We had not seen Wadase in nearly 3 weeks and as we tracked her this past month, we noticed she ventured east near Henryetta. We suspected she could be heading for Lake Eufaula, however, something must have gotten her attention because she circled back to Wetumka. After taking a closer look at Google Earth we noticed she had spotted a fish hatchery and her latest GPS had her perched right near the bank of the ponds. The following day we went to see the area and to open a tab for her at Harbin’s Fish Farm. Although, the owner said that wasn’t really necessary and we all had a good laugh.
Shortly after our trip east to check on her, she showed up early one morning and spent the entire day here at the aviary. She had been gone 28 days since her last visit. We lost sight of her near dusk when she flew north towards the river to roost. She arrived the next morning and did the same thing as the previous day. The majority of her day was spent sitting on the aviary or in her favorite crook in the tree out front but on several occasions she would fly around the enclosures and land on a large, fresh pile of dirt that had been brought to fill in areas of the aviary grounds that have settled as a result of last spring’s floods. She seemed pleased we had put such an interesting new perch out front in her absence. On the fourth day she left the aviary after noon and flew north of I-40 towards Johnson, Okla. along the river where she has spent a good deal of her time. She then continued on in one long flight past Stroud, on past Cushing and further north past the Cimarron Turnpike until she reached the Arkansas River near the town of Cleveland just west of Keystone Lake in Oklahoma.
Migration has started for wintering eagles and many are making their way back north. Young birds here in the state are near fledging and will be leaving their nests soon. There is no real answer to what has taken her so far north on such a straight path. We have to wonder if those last four days spent here at the aviary were spent resting for a long journey that lay ahead, so in the mean time we wait for her telemetry readings. We are hopeful that her GPS backpack will stay on into her young adulthood so we may continue to follow her progress long after her days with a backpack. We hope to learn where she will spend her summers and the migratory path she will take in the winter, should she choose to migrate rather than remain in Oklahoma. We’re also curious what territory she will claim and return to each spring to nest and to raise her young.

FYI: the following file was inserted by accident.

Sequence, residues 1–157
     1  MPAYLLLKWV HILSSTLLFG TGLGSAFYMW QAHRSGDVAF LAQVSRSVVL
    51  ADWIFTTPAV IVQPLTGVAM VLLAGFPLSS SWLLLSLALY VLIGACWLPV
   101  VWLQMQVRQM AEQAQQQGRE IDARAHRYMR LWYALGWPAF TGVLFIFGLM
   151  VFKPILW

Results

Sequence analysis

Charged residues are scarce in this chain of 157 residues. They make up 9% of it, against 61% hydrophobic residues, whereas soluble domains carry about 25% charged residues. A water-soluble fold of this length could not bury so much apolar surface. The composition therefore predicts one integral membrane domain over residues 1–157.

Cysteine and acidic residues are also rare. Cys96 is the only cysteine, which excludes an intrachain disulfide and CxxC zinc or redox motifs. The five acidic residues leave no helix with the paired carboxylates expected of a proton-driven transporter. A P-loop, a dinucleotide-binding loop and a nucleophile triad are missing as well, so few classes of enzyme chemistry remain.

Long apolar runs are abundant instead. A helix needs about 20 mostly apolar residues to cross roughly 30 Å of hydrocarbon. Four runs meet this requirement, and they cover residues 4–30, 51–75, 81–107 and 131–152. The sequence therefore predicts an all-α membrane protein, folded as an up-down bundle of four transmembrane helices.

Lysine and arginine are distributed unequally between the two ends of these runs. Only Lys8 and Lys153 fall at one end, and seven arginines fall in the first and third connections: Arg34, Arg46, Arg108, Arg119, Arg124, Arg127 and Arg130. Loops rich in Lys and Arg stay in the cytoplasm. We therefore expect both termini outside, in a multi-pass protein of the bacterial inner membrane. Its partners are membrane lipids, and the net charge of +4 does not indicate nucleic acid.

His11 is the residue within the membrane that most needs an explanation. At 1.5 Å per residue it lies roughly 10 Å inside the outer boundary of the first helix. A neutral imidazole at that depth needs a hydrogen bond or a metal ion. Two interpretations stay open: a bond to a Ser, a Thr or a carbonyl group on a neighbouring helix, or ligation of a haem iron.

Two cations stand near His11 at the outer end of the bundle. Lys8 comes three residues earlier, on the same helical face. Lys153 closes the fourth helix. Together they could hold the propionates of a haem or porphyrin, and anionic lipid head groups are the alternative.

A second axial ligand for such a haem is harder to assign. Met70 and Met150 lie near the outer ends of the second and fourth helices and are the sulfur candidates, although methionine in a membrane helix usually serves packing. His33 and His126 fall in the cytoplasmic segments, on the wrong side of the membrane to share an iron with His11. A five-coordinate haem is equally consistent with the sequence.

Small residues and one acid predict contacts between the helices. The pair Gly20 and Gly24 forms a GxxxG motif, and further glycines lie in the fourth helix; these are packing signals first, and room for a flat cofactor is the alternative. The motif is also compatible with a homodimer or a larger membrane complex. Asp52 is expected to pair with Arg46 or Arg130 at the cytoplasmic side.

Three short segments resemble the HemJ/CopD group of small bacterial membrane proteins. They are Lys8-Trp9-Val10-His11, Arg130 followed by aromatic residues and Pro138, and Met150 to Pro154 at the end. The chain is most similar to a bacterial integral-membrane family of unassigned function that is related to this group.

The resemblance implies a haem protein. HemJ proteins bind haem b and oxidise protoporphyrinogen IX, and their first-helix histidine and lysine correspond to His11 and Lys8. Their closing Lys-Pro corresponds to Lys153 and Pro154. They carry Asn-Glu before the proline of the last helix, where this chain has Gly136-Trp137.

We look forward to what we can learn about young Bald Eagle behavior and their success rates in the wild. In the past year we have been fortunate enough to see her here at the aviary 146 days. To share that much time and space watching Wadase learn, gain strength and skill, and witness first-hand what it takes for a young eagle to make it on her own has been nothing short of amazing. Never have we witnessed such strength and resilience in any other creature. It is obvious why our ancestors looked to the eagle as our great messenger, carrying our prayers.
Rob Domenech from the Raptor View Research Institute equipped the eagle with a GPS device so that her travel and hunting progress can be monitored. The transmitter allows CPN staff and the public to follow the movements of Wadase and to make certain of her survival in the wild.
“This is the first bald eagle and first soft release we have ever been involved with,” said Robert Domenech, Executive Director of the Raptor View Research Institute. “In general, I would have to say she is doing great. If you get a year of data you can’t complain. Anything after that is a bonus. Wadase has proven herself to be a survivor and I am optimistic she will continue to do well, giving important glimpses into the details of her life.”
Please continue to keep an eye on the skies as Wadase Zhabwe ventures a little farther each month. The many reports of sightings throughout Pottawatomie County have played an intricate part in monitoring her success. For more information or to read previous updates please visit http://www.potawatomi.org/about-wadase